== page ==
Seeger Chapel steeple against an orange sunset

Milligan to host book release for Dahlman’s ‘A Familiar Wilderness’

MILLIGAN COLLEGE, Tenn. (March 27, 2019) — S. J. ‘Jim’ Dahlman, professor of communications and humanities at Milligan, recently published “A Familiar Wilderness,” a nonfiction book documenting his journey along Daniel Boone’s Wilderness Road. A book release will be held on Thursday, April 4, from 3-4:30 p.m. in Milligan’s Welshimer Library. The event is free and open to the public.

Dahlman will provide a brief reading, answer questions and sign books. Copies of the book will be available for purchase through the Milligan Bookstore.

For Dahlman, the concept for the book emerged in 2012. While traveling home from Ohio, he stopped along the Cumberland Gap for a short hike, and a sign for the Wilderness Road deeply resonated with him.

“While I’ve hiked around the Cumberland Gap many times, that day I was struck by the road’s history and its role in opening the West to settlers,” recounted Dahlman. “I also recognized that while the trail has a great history, it still has a story to tell today.”

A month later, Dahlman began the Master of Fine Arts in nonfiction program at Goucher College where he was required to complete a book. In conversations with his advisor, he decided to hike the Wilderness Road in its entirety and document his experiences on the trail.

In connecting his encounters on the trail to the road’s historical significance, Dahlman discovered the central theme for his book: finding home.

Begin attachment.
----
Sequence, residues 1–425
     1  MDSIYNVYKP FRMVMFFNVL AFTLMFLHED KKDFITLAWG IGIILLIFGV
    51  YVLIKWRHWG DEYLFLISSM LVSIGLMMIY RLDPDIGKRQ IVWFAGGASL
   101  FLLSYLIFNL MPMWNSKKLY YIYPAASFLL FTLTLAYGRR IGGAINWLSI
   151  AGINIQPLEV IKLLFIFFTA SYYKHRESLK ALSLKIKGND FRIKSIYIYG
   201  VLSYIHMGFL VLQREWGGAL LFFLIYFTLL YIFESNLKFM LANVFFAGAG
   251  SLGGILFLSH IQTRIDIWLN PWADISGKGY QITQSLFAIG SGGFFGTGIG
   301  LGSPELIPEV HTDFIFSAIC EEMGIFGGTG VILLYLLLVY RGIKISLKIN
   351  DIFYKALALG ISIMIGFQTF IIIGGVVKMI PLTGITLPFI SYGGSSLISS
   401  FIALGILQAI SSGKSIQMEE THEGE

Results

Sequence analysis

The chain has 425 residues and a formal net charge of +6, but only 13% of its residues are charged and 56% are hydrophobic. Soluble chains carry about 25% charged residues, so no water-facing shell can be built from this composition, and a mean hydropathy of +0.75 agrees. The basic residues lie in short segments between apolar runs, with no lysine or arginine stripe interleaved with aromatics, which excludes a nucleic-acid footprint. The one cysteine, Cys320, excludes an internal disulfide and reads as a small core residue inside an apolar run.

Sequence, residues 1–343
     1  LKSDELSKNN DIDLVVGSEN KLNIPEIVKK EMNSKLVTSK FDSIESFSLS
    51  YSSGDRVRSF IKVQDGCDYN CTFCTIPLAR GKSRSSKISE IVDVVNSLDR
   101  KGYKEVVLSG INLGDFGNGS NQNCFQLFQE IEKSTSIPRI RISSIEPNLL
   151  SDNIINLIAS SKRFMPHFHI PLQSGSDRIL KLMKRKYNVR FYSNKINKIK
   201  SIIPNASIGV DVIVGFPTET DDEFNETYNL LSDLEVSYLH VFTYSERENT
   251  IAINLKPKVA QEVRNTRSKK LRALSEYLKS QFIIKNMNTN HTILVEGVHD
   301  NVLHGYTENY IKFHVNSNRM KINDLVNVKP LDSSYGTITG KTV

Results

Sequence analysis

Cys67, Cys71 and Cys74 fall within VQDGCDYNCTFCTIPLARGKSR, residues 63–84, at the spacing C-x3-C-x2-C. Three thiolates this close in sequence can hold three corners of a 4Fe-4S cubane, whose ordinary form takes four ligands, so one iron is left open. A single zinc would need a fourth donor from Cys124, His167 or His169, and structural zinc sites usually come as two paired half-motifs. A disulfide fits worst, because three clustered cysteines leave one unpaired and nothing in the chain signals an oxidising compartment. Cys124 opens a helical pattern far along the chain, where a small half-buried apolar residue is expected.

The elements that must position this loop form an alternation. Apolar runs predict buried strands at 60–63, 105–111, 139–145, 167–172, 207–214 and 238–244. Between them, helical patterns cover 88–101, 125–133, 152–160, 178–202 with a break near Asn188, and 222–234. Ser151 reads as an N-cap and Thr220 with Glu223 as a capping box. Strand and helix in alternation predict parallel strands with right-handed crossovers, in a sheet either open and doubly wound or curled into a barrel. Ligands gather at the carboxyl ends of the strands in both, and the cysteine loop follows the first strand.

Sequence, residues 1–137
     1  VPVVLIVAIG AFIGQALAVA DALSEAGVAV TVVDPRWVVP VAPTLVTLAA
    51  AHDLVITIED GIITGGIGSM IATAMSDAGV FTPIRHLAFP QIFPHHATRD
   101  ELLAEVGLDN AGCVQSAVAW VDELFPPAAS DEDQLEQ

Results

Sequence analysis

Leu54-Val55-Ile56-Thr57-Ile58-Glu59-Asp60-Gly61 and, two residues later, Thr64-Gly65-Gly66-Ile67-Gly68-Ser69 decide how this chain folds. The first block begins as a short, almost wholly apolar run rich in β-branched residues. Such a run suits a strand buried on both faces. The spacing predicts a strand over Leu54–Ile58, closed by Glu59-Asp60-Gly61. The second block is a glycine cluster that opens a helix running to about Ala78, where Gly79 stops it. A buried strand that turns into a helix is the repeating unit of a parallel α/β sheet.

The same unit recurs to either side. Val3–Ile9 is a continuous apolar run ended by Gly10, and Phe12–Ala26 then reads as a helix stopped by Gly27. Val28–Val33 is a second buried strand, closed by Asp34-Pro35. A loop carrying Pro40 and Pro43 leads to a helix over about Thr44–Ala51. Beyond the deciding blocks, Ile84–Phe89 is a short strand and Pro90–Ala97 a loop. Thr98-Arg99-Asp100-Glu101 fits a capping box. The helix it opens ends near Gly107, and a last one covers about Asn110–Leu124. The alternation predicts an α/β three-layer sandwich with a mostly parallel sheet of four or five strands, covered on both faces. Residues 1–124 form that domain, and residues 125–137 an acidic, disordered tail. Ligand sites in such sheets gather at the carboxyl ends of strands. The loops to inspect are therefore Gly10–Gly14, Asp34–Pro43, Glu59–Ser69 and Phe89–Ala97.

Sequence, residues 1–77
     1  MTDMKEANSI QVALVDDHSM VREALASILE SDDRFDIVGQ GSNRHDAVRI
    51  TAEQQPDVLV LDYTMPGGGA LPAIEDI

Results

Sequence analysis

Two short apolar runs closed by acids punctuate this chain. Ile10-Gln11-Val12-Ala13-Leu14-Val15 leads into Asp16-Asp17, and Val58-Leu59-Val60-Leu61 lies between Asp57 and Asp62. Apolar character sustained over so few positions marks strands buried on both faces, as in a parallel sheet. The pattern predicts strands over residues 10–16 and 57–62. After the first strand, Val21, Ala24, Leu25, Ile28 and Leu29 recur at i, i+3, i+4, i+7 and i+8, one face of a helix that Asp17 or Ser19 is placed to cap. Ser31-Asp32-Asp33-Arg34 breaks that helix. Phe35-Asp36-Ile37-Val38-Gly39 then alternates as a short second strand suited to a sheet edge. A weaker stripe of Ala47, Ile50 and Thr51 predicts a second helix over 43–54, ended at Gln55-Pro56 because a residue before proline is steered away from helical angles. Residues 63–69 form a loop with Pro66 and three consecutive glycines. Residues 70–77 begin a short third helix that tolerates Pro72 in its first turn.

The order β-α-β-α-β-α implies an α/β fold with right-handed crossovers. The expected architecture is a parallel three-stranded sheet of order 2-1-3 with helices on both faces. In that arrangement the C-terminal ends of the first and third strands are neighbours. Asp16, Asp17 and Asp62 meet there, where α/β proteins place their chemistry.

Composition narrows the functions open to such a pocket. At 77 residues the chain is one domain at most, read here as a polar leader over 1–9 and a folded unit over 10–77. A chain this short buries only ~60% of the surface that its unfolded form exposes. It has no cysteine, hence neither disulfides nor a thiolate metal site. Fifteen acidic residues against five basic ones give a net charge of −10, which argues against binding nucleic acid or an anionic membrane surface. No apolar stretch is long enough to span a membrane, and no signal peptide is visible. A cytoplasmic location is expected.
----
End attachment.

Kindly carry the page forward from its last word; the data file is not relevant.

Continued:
“I moved around a lot in my life,” acknowledged Dahlman. “I began this book after having settled in the Tri-Cities for 13 years. Yet, deep down, I still wondered if I really belonged here and if I could call this home. While hiking, I connected my personal search for home with the early settlers’ search for new homes west of the mountains.”

In writing “A Familiar Wilderness,” Dahlman discovered that his concept of home was being redefined. Instead of a physical location, Dahlman recognized that home can be found where we invest our lives.

“I’m beginning to wrap up my 20th year at Milligan. A large part of my life has been invested in Milligan, and a large part of Milligan has been invested in me, professionally and personally,” said Dahlman. “In completing this book, I want to extend a note of appreciation to my colleagues and students. They have all been very encouraging, and it made the process much more pleasant and easy.”

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Posted by on March 27, 2019.